2 October 1933
Heinz Aram’s child’s identity card
When ten-year-old Heinz Walter Aram (b. 1923) had his picture taken for this child’s identity card, he smiled happily at the camera. The stamps from both the French Consulate and the Foreign Exchange Control Office at the Berlin Taxation Authority reveal why the card was issued—so the family could immigrate to France. In search of a secure source of income for the family, Heinz’s mother, Rosa Aram (1895–1978), had opened a tailor’s shop there specializing in school uniforms. Heinz left his hometown for Paris in fall 1933. After spending six months at the private elementary school run by the Jewish School Association in the Berlin district of Charlottenburg, he was now enrolled in the École alsacienne in Rue Notre-Dame des Champs.
However, the family did not stay in France for long. In 1934 they returned to Berlin, where Heinz continued his education at the Private Waldschule Grunewald and then at the American School. In 1936 he celebrated his bar mitzvah at the Fasanenstrasse synagogue.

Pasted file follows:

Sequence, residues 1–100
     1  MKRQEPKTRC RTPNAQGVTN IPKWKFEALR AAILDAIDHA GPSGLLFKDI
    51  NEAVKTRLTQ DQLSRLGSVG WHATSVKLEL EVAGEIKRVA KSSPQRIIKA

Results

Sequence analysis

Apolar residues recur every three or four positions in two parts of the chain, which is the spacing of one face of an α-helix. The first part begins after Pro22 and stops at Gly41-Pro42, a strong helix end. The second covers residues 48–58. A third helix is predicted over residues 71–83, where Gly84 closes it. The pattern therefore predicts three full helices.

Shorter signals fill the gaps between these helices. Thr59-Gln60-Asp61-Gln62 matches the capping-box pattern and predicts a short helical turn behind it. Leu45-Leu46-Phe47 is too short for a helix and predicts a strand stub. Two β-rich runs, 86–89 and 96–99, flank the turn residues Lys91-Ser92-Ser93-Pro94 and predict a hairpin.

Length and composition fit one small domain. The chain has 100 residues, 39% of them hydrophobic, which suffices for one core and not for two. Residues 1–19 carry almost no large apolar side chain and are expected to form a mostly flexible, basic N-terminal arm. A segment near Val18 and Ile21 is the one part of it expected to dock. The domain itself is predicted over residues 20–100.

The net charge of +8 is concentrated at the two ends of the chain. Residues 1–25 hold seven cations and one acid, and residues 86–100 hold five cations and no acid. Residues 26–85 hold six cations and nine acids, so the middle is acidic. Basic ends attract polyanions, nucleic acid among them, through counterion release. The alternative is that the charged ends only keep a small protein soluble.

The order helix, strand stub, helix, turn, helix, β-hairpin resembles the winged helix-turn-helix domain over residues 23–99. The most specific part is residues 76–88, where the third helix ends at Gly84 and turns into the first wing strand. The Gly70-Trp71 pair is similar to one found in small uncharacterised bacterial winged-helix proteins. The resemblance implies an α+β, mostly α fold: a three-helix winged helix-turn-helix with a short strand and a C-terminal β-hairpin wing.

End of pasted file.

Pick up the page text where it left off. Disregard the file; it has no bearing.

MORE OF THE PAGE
But of course his future did not lie in Germany. On the morning of 9 November 1938—just before the pogroms began throughout the country—Heinz Aram left Berlin with his mother and his brother Arnold, heading for Great Britain. This was the first stop on their long journey to Australia, for which Rosa Aram had received entry permits in September 1938. In June 1939 her husband, Julius (1876–1959), escaped to Sweden and from there traveled to Australia, where he was reunited with the family one year later.
All that Heinz Aram packed in his bag from his time in Paris were two report cards. But he took along something of far greater import, which he has kept to the present day: his new first name, Henri.